Insider Q&A: Data management CEO mulls state of data laws

In this undated photo provided by Splunk, company CEO Doug Merritt poses for a photo. Merritt is part of a growing crowd urging U.S. lawmakers to adopt personal data safeguards similar to those Europe imposed last year with the General Data Protection Regulation, or GDPR. Merritt spoke recently with The Associated Press.

SAN FRANCISCO (AP) — So many people routinely give away sensitive information about themselves to use free digital services on their phones and computers that it even worries the leader of a major data-management company.

That's why Splunk CEO Doug Merritt is part of a growing crowd urging U.S. lawmakers to adopt personal data safeguards similar to those Europe imposed last year with the General Data Protection Regulation, or GDPR. Merritt also believes people should get a slice of the money being made from their information, although he's not supporting a recent "data dividend" proposal in California.

The data mining craze has been a boon so far for San Francisco-based Splunk. The popularity of its data-management tools for businesses and government agencies has helped lift its stock by roughly sevenfold from its initial offering price of $17 seven years ago.

Merritt spoke recently with The Associated Press. The conversation has been edited for clarity and length.

Q: Do you think the U.S. needs better regulations governing personal data?

A: My general view in life is that transparency is a positive event for all of humanity. If nothing else, (discussions about) these new regulations are helping people get a little more awareness of "OK, my behaviors and actions do have value. I probably should be a little more thoughtful about what I share with whom."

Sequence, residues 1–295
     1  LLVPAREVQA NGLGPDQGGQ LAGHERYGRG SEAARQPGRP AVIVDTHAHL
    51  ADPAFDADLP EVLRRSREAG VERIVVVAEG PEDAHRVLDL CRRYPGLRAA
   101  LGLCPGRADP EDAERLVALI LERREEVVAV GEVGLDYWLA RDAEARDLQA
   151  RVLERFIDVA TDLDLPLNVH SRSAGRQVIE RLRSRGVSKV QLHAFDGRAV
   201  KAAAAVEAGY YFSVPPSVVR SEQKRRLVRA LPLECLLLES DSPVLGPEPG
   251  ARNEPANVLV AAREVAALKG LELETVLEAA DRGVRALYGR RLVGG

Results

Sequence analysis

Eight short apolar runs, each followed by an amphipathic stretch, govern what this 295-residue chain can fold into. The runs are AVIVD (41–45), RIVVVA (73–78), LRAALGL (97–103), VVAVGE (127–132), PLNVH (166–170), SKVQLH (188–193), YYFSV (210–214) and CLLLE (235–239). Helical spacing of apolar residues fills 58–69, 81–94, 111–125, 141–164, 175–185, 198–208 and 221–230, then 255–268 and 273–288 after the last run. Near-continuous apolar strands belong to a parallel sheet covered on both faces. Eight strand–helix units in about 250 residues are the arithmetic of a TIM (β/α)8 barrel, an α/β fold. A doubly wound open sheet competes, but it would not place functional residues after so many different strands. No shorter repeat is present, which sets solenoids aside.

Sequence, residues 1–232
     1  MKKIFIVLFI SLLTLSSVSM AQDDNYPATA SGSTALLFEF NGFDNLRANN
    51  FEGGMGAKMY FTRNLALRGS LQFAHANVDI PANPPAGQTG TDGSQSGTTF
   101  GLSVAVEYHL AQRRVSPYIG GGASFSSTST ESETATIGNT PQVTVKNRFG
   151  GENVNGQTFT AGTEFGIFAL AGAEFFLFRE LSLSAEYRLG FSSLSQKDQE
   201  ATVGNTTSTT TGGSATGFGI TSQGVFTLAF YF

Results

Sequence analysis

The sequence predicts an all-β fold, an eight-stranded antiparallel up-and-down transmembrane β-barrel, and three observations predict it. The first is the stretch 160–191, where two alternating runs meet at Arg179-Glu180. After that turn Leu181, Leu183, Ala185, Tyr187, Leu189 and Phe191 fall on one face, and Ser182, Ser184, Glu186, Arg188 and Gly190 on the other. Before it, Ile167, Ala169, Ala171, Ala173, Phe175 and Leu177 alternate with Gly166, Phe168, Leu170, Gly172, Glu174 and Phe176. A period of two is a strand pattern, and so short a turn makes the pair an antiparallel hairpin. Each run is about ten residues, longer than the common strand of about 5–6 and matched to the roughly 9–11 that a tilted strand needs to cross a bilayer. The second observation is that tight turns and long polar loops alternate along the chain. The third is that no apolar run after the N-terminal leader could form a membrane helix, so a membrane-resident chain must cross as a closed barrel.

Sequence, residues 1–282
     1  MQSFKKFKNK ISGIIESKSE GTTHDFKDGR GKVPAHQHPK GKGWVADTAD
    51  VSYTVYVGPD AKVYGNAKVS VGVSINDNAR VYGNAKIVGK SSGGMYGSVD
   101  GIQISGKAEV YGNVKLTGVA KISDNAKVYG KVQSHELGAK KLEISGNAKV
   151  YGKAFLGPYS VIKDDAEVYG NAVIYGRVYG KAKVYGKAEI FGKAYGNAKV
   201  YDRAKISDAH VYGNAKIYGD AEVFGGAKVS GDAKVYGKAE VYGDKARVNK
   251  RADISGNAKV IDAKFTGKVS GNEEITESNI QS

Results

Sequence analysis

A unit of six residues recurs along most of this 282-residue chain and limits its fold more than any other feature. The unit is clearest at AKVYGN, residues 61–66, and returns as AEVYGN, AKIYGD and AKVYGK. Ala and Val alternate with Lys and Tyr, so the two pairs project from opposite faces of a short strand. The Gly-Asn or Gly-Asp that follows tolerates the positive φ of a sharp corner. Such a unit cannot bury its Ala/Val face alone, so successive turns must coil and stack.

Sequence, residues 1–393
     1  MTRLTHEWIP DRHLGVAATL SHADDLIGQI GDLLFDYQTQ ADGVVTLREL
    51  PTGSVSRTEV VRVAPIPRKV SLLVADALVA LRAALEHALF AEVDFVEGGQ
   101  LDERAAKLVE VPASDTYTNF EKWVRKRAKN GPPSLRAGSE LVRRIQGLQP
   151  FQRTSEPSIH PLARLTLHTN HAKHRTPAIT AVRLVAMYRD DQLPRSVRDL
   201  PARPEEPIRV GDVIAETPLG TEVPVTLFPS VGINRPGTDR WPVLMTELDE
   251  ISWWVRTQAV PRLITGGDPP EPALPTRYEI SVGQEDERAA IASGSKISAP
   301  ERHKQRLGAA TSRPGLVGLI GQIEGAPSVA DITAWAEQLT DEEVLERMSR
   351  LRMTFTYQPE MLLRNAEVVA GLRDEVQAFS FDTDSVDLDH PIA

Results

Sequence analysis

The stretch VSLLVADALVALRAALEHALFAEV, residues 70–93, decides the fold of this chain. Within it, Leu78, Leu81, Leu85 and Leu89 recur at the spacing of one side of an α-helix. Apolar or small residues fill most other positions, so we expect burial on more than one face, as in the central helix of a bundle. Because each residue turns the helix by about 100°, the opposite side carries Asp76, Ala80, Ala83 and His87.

Q: Should the government find ways to compensate people for mining their data?

A: I think it's imperative that human beings understand that there is economic opportunity in your data. But for government to tax corporations and try to give it back to people, I think that would actually darken the clouds and not open up the sky. What the government can do is set up regulatory frameworks and consequences for non-adherence. What I'd like to see within those frameworks is something in there about how I can broker my data. I think we all should expect that.

Q: Should we be concerned with what might happen to our data when someone new eventually comes into control at a company like Google?

A: I would love government to come up with a framework that (says) the data belongs to the individual. And then whether (Google co-founders) Larry (Page) and Sergey (Brin) are still there, or an evil lord comes in, there are regulatory constructs that say, "Evil lord, you are not allowed to do this. And if you do, we will shut down your company because you are breaking the law."

Q: Has the heightened awareness about data helped Splunk?

A: We are very lucky and our timing is very good. We have a big platform at a point of time that people are finally beginning to understand, "Oh, data is really important and there really is value in it." (GDPR) has helped us in a number of deals around the world. Businesses need an analytics solution that helps them understand if they are adhering to GDPR and whether they are exposed or not. Splunk is a good tool to do that. It is one more beacon that says, "Yep, data matters."

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